High enterococci levels prompt advisory for waters near Kailua Pier

Health officials Wednesday afternoon issued a high bacteria count advisory for waters in Kailua Bay.

The advisory was issued due to high levels of enterococci found in a sampling of ocean water from the north side of Kailua Pier off Kamakahonu Beach, the Department of Health’s Clean Water Branch reported Wednesday.


Levels of 164 per 100 mL were detected during routine beach monitoring. The EPA sets the threshold for enterococci at 130 enterococci per 100 mL.

“The advisory for this beach is posted because testing for enterococci indicate that potentially harmful microorganisms such as bacteria, viruses, protozoa, or parasites may be present in the water. Swimming at beaches with pollution in the water may make you ill,” the advisory reads.

Signage has been posted and the advisory will remain in effect until water sample results no longer exceed the threshold level of 130 enterococci per 100 mL, according to the department.

Enterococci are indicators of the presence of fecal material in water and, therefore, of the possible presence of disease-causing bacteria, viruses, and protozoa, according to the EPA.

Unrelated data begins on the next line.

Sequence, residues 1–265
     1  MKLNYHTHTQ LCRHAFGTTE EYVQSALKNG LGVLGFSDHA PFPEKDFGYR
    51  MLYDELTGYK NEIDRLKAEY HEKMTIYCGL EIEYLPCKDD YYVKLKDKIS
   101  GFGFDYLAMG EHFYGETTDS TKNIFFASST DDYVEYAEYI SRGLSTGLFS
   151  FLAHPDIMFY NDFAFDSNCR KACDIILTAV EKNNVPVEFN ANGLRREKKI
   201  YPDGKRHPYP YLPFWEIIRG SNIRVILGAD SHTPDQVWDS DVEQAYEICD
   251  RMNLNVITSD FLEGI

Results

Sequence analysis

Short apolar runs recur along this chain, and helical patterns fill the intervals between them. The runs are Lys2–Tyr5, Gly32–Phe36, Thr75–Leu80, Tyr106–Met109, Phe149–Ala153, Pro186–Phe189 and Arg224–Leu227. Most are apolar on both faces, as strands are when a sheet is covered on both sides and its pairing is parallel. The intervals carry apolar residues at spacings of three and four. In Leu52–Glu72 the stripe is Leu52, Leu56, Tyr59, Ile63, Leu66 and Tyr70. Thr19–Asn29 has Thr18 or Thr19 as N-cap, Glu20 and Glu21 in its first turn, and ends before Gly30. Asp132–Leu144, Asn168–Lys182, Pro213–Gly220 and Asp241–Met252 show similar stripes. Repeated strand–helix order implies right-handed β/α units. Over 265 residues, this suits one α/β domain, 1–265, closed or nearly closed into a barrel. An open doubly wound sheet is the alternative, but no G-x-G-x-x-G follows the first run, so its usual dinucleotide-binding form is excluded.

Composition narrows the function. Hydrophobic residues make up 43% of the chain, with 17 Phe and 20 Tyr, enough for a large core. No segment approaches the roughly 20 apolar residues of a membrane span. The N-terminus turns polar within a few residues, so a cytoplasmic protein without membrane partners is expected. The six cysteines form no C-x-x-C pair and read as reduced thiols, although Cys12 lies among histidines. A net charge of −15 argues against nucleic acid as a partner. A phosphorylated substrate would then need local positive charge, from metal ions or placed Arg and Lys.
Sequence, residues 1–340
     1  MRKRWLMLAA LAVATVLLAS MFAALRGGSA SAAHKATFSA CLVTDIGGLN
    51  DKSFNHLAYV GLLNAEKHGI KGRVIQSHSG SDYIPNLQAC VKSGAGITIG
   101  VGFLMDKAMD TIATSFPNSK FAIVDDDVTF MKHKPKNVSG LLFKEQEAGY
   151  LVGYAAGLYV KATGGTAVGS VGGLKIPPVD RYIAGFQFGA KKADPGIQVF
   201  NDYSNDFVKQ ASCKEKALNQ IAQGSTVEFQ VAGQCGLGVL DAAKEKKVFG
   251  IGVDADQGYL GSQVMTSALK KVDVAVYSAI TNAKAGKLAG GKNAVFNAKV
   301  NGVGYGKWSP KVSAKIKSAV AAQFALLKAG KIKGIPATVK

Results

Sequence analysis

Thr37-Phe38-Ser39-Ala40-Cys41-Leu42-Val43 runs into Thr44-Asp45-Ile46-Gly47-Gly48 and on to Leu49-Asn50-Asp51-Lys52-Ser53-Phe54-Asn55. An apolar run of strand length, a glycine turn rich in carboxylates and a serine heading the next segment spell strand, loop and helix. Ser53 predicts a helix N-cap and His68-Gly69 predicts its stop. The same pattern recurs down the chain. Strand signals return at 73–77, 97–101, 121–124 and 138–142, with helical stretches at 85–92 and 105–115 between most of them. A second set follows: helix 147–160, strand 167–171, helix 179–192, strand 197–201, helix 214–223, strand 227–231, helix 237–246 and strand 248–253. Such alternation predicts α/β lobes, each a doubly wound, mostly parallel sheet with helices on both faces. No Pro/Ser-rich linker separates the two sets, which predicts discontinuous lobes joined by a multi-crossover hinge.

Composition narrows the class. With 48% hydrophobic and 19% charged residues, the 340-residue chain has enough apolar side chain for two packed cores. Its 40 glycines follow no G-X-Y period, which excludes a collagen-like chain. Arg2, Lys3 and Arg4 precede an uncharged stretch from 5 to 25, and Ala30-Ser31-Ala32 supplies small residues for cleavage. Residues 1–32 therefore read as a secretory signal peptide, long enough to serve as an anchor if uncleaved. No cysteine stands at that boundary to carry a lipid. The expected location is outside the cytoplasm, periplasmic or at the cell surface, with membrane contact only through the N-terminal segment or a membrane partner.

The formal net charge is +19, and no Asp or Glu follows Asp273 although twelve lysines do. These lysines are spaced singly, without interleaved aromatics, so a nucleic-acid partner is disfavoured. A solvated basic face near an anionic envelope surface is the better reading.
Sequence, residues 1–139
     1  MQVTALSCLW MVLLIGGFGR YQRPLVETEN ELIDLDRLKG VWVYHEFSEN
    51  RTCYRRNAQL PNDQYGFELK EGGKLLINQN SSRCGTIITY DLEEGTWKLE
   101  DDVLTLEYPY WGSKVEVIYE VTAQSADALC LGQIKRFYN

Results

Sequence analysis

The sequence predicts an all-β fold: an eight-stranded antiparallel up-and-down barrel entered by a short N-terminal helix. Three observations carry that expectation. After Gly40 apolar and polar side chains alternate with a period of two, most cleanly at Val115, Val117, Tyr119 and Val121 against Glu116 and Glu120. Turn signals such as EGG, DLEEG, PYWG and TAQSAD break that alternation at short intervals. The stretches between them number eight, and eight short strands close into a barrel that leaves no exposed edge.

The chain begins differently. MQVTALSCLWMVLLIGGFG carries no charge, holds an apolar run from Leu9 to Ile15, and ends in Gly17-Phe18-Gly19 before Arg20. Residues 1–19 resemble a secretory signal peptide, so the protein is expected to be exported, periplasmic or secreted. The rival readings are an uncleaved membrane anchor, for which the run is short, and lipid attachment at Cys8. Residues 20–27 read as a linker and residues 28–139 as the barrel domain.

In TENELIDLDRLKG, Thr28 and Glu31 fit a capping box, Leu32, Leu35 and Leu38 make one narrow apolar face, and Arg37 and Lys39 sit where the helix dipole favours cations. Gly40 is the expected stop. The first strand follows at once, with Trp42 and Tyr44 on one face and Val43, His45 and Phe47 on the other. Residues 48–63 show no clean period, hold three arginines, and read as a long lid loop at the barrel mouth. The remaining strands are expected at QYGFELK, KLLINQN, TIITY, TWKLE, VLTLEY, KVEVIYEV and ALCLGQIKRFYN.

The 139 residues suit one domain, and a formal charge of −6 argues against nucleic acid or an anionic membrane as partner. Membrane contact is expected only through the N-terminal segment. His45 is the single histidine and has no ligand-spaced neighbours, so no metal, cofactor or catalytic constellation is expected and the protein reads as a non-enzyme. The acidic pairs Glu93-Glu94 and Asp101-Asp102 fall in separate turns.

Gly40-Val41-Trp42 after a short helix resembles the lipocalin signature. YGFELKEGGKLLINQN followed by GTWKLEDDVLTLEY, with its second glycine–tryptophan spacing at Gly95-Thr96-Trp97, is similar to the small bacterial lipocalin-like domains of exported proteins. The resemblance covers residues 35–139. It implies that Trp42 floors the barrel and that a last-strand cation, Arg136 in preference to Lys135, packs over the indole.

Children, the elderly, and people with weakened immune systems are the most likely populations to develop illnesses or infections after coming into contact with polluted water, usually while swimming, according to the department. The most common illness associated with swimming in water polluted by fecal pathogens is gastroenteritis. In highly polluted water, swimmers may occasionally be exposed to more serious diseases.

Last week, West Hawaii Today reported about an algae bloom discoloring Kailua Bay, which had not resulted in levels exceeding EPA thresholds for nearshore waters. The algae bloom was on the south side of the pier and did not prompt a water quality advisory.


DOH staff in Kona who went to check on the issue relayed that the problem seems to occur each spring in the offshore waters.

Okubo did not immediately respond to an inquiry from the newspaper on whether the suspected algae bloom was related to Wednesday’s advisory.

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